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You’re güiliado


Órale, this week’s feature is the word, güiliado. It means to be enchanted. It comes from the Nahuatl (Aztec) word for dove, huilotl. There’s a near-synonym, chiflado, that’s often expressed as a simple whistle, for it comes from the Spanish verb for whistle, but it means to be presumptuous, carried away, or obsessed. Somebody who’s said to be güiliado, is said to be in love.

This story is told up and down the Rio Grande. It’s re-told in songs, old sayings, admonitions to the brash, and even spooky tales to the youth. No matter how or to whom it’s told, the story is about incredible, timeless, impossible love.

As the story goes, a vato’s been traveling alone on a desolate road close to the holidays and, coming around a sharp bend, suddenly sees a young woman standing by the side of the road, who waves at him to stop. She doesn’t seem distressed, only anxious to get a ride.

The vato stops, of course. He offers her a ride, and she hops on. Incredibly, she’s a very young and beautiful woman.

“What are you doing here in the middle of nowhere all alone?” the vato asks her.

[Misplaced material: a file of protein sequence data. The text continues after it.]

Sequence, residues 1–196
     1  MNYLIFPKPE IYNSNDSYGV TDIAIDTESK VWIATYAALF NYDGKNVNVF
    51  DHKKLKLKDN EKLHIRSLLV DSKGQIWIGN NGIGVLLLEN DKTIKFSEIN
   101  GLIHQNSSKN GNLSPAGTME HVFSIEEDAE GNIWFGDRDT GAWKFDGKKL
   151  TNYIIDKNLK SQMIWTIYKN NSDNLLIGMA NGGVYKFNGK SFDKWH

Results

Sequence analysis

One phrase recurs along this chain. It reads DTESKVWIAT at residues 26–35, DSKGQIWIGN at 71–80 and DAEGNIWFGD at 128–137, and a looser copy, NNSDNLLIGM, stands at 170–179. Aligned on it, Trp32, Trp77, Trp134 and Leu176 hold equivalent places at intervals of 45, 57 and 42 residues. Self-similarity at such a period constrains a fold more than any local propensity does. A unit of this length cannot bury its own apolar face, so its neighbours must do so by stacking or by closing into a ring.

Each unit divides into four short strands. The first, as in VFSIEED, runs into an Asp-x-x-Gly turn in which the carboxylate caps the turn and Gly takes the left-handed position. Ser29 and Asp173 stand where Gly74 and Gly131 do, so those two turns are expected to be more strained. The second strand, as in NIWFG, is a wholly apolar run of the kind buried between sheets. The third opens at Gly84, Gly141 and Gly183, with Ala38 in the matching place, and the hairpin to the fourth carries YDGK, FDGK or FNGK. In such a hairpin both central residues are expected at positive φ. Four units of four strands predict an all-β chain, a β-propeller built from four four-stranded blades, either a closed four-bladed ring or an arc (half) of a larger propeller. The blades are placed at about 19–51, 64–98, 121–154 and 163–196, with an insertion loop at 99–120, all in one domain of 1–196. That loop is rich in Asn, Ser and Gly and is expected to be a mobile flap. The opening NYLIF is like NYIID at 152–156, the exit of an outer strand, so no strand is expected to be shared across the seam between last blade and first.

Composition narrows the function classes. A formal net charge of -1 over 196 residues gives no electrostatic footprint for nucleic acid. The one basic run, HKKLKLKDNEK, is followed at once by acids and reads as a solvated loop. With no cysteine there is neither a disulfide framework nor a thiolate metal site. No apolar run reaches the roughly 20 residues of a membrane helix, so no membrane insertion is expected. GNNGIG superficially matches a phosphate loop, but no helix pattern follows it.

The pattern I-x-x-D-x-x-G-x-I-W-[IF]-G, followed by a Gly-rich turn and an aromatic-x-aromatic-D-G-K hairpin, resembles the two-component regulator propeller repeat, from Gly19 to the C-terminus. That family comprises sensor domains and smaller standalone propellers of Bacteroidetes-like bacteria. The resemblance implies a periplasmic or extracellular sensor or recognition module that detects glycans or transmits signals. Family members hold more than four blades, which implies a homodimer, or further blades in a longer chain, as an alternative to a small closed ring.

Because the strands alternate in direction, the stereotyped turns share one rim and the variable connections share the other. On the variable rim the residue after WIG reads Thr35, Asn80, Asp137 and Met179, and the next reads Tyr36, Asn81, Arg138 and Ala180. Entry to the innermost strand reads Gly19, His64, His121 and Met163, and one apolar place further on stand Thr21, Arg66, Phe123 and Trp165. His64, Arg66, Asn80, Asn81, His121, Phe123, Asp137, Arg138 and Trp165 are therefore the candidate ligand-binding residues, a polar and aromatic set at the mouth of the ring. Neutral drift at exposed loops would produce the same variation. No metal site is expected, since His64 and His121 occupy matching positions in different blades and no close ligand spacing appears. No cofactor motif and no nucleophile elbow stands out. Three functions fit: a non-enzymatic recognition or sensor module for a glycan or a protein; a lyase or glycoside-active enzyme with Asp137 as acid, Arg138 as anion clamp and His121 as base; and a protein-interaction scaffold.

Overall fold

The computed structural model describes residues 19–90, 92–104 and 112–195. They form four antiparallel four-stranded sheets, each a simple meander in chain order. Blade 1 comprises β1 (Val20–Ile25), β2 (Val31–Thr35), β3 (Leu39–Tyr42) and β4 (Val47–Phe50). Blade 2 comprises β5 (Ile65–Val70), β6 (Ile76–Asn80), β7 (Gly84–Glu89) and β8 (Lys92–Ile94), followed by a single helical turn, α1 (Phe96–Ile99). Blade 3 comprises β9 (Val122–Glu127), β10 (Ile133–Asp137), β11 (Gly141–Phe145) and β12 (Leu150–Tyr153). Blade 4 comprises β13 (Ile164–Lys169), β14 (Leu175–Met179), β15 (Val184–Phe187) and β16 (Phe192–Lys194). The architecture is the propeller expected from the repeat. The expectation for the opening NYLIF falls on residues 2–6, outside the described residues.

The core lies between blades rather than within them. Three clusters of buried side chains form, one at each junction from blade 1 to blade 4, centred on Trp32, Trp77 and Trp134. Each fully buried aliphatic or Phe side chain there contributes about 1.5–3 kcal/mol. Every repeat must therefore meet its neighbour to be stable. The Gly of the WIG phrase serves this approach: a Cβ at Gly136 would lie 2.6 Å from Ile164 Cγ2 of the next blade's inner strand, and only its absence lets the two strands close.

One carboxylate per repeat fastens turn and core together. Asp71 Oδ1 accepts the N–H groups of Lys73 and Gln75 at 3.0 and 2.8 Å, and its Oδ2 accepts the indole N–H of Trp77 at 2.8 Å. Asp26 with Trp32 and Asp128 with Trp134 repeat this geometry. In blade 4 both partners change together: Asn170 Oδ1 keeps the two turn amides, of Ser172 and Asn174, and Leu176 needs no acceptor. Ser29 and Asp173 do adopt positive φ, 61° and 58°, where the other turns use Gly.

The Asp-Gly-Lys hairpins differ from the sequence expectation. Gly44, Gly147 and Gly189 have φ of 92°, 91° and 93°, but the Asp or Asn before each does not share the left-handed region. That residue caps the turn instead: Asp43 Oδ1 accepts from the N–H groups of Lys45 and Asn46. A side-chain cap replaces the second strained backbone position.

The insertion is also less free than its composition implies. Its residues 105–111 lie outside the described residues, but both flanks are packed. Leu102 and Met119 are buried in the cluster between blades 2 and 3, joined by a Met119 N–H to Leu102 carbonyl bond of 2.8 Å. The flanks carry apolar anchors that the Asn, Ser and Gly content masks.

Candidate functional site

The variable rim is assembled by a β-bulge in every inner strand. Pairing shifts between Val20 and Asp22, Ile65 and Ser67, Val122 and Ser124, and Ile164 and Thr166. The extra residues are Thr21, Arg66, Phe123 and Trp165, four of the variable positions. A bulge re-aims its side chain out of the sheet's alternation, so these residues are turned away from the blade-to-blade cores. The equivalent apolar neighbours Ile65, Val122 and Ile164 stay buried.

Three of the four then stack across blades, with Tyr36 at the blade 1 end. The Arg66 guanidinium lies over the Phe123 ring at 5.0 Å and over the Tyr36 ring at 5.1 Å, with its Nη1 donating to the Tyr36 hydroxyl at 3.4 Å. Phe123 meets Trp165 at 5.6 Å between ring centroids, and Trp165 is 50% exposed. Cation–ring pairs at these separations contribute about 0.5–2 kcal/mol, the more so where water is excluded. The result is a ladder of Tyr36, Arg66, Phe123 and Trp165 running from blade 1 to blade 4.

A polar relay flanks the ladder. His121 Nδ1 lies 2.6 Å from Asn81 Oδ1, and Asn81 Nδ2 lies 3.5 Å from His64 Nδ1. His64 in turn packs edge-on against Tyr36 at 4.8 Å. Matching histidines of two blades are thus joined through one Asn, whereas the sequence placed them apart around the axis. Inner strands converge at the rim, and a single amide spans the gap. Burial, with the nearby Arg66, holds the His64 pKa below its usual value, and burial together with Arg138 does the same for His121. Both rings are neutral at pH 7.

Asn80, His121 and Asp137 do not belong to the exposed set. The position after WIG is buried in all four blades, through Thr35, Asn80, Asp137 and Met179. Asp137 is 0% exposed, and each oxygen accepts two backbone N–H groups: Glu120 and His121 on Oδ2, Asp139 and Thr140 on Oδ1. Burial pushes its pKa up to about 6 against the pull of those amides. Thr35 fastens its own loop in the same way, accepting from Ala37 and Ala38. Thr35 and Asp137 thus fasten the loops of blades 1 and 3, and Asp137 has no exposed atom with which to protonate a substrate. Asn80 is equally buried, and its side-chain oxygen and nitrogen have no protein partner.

“Trying to get home. My car went off the road, so I’ve been walking to make it in time for the holidays,” morra answers.

“Órale,” he says.

They make small talk and share their knowledge of the sights along the road.

Time seems to stand still.

The vato then forgets what he’s doing and starts humming an old song.

The morra immediately sings it. They do this over and over.

This fills the vato with good feelings, and he falls in love with her. She soon points to a driveway leading away from the road.

“That goes to my chante. I’ll get off here,” she said.

“I can drive you there,” he says.

“Nel, the dogs will come out and escort me,” she says.

“I’m coming back this way after the holidays. Need a ride back?” he asks.

“Siról, stop by,” she says.

Two dogs come out to greet her, and the vato drives off.

When the vato gets home, he tells his relatives about the morra. He then tells them he’s fallen so in love with her that he’s going to ask her to marry him.

“What’s her name?” they ask.

“Eeee! I forgot to ask,” he says.

“You’re just güiliado,” they tell him.

“Chansa, but it feels de aquellas,” he says.

Right after the holidays, he races to the morra’s house.

An old man comes out.

“Quehubole. Can I help you?” he asks.

“Pos I come to pick up a young woman I dropped off before the holidays. She said she wanted a ride back,” the vato said.

The man looked shocked.

“That young woman was my daughter. She died in an accident a year ago. I guess she never stopped trying to get home. That explains why the dogs ran out barking,” the man said, his voice cracking.

“Thanks for bringing her home,” he said after a long pause.

The vato drove off slowly and never sped up. He looked for the morra all along the way, but he never saw her again.

Oscar Rodriguez is the creator and host of Caló.